Presentation on theme: "Ms. Susan M. Pojer Horace Greeley HS Chappaqua, NY."— Presentation transcript:
Ms. Susan M. Pojer Horace Greeley HS Chappaqua, NY
The Changing Role of the Artist ¬ Giorgio Vasaris Lives of the Artists, 1568. ¬ He believed that the artist was no longer just a member of a crafts guild. ¬ The artist was an equal in the courts of Europe with scholars, poets, and humanists. ¬ Therefore, the artist should be recognized and rewarded for his unique artistic technique [maneria].
Background ¬ Late Renaissance [Pre-Baroque]. ¬ Art was at an impasse after the perfection and harmony of the Renaissance. ¬ Antithetical to the principles of the High Renaissance. ¬ From the Italian de maneria. ´ A work of art done in the artists characteristic touch or recognizable manner. ¬ First used by the German art historian, Heinrich Wölfflin in the early 20c. ¬ Influenced by Michelangelos later works.
Characteristics of Mannerist Architecture ¬ Stylishness in design could be applied to a building as well as to a painting. ¬ Showed extensive knowledge of Roman architectural style. ¬ Complex, out of step style taking liberties with classical architecture. ¬ Architecture, sculpture, and walled gardens were seen as a complex, but not necessary unified whole.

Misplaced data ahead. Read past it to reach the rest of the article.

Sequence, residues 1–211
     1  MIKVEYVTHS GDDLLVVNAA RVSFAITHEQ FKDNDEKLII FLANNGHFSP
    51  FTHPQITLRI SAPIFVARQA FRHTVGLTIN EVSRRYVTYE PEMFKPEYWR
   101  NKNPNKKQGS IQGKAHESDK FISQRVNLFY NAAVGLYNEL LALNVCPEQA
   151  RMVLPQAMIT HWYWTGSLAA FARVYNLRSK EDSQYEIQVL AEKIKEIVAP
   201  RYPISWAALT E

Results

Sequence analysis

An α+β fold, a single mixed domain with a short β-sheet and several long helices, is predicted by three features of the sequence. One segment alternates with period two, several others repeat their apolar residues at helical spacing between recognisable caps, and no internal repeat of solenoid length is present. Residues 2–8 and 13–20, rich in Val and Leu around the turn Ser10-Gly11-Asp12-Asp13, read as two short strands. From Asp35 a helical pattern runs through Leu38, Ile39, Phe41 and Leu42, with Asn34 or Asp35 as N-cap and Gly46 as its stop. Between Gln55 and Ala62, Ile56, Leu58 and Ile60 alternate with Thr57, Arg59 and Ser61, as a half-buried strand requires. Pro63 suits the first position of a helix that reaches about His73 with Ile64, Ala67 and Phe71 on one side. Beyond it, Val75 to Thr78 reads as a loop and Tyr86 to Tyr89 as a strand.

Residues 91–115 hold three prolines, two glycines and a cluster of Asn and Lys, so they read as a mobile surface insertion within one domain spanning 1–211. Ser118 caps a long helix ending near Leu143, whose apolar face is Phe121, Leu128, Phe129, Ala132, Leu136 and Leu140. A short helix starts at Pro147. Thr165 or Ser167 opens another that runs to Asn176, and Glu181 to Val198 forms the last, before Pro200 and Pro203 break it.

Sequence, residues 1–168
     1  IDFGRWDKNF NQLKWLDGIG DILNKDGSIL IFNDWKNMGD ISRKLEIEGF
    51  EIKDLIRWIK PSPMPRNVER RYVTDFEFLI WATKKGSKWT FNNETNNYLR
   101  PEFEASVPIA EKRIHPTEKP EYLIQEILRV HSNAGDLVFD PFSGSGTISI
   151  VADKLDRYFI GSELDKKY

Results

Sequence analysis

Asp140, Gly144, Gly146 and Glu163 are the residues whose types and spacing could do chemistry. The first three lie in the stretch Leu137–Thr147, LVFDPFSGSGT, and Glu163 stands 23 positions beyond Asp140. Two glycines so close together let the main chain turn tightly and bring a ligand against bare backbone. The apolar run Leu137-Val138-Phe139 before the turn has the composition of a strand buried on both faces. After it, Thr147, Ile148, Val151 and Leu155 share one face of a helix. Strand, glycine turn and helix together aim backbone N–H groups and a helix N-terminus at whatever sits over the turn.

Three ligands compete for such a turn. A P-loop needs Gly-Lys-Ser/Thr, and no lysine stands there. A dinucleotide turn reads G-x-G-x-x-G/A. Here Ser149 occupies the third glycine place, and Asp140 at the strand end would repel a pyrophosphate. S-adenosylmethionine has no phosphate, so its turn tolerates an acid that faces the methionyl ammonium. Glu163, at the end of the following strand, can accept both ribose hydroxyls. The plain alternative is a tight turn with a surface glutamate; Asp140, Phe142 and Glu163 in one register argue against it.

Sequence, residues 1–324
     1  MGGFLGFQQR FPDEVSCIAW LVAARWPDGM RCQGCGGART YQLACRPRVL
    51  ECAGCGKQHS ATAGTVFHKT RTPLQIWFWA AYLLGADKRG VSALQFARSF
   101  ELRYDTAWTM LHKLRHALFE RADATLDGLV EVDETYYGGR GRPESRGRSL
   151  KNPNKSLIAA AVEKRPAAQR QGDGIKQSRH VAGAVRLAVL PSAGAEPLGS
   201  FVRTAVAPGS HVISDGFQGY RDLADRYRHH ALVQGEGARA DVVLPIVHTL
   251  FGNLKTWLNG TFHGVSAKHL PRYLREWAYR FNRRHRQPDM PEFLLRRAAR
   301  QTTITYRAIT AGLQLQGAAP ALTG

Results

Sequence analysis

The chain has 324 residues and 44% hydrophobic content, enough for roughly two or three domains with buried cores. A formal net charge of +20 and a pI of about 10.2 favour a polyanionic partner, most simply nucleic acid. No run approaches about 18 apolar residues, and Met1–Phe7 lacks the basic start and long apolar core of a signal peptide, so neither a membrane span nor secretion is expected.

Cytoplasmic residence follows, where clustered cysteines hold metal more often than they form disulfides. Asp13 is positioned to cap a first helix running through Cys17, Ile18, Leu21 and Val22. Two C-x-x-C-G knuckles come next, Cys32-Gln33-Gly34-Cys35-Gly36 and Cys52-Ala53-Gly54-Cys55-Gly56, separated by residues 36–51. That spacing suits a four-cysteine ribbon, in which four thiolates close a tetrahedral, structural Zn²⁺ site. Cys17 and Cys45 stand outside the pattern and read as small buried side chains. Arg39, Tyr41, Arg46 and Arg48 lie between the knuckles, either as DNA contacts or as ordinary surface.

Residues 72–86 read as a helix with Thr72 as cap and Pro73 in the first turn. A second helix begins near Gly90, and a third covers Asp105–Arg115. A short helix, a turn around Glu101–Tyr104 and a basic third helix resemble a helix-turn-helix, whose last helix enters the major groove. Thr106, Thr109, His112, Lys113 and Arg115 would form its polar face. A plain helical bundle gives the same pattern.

¬ Villa Capra [or Villa Rotunda] ¬ By Andrea Palladio ¬ 1566-1571 ¬ Palladian architectural style [popular in England]
¬ Entrance to the Villa Farnese at Caprarola ¬ By Giacomo Vignola ¬ 1560
¬ Giacomo da Vignola ¬ Wrote The Rule of the Five Orders of Architecture ¬ 1563 ¬ Became a key reference work for architects.
The Fontainebleau School ¬ French Mannerism flourished from 1531 to the early 17c. ¬ Characteristics: ´ Extensive use of stucco in moldings & picture frames. ´ Frescoes. ´ An elaborate [often mysterious] system of allegories and mythical iconography. ¬ Centered around the Royal Chateau of Fontainebleau.
The Royal Chateau at Fontainebleau ¬ Gallery [right] by Rosso Fiorentino & Francesco Primaticcio ¬ 1528-1537
Jean Goujon Nymph, 1548-1549 Nymph & Putto, 1547-1549